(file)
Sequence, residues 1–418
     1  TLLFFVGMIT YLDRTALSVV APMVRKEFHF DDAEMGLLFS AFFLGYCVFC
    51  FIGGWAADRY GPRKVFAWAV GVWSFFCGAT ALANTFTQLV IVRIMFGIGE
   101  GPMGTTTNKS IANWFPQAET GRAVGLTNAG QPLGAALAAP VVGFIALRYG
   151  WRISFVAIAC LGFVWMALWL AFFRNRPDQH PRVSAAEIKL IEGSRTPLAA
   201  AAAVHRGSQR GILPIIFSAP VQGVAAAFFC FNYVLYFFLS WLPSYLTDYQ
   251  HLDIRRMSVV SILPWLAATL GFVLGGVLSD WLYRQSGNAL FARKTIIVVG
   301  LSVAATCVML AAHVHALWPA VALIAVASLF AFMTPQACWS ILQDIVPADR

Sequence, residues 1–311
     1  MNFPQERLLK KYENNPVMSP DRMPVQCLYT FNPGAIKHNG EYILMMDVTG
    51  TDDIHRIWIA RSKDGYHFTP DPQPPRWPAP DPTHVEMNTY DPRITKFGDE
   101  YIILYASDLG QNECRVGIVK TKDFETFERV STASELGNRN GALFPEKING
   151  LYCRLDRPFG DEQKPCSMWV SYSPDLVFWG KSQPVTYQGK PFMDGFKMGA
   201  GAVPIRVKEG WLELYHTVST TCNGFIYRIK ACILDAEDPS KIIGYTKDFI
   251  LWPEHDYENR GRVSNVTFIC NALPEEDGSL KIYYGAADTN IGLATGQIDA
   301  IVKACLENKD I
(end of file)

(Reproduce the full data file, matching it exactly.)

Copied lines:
Sequence, residues 1–418
     1  TLLFFVGMIT YLDRTALSVV APMVRKEFHF DDAEMGLLFS AFFLGYCVFC
    51  FIGGWAADRY GPRKVFAWAV GVWSFFCGAT ALANTFTQLV IVRIMFGIGE
   101  GPMGTTTNKS IANWFPQAET GRAVGLTNAG QPLGAALAAP VVGFIALRYG
   151  WRISFVAIAC LGFVWMALWL AFFRNRPDQH PRVSAAEIKL IEGSRTPLAA
   201  AAAVHRGSQR GILPIIFSAP VQGVAAAFFC FNYVLYFFLS WLPSYLTDYQ
   251  HLDIRRMSVV SILPWLAATL GFVLGGVLSD WLYRQSGNAL FARKTIIVVG
   301  LSVAATCVML AAHVHALWPA VALIAVASLF AFMTPQACWS ILQDIVPADR

Sequence, residues 1–311
     1  MNFPQERLLK KYENNPVMSP DRMPVQCLYT FNPGAIKHNG EYILMMDVTG
    51  TDDIHRIWIA RSKDGYHFTP DPQPPRWPAP DPTHVEMNTY DPRITKFGDE
   101  YIILYASDLG QNECRVGIVK TKDFETFERV STASELGNRN GALFPEKING
   151  LYCRLDRPFG DEQKPCSMWV SYSPDLVFWG KSQPVTYQGK PFMDGFKMGA
   201  GAVPIRVKEG WLELYHTVST TCNGFIYRIK ACILDAEDPS KIIGYTKDFI
   251  LWPEHDYENR GRVSNVTFIC NALPEEDGSL KIYYGAADTN IGLATGQIDA
   301  IVKACLENKD I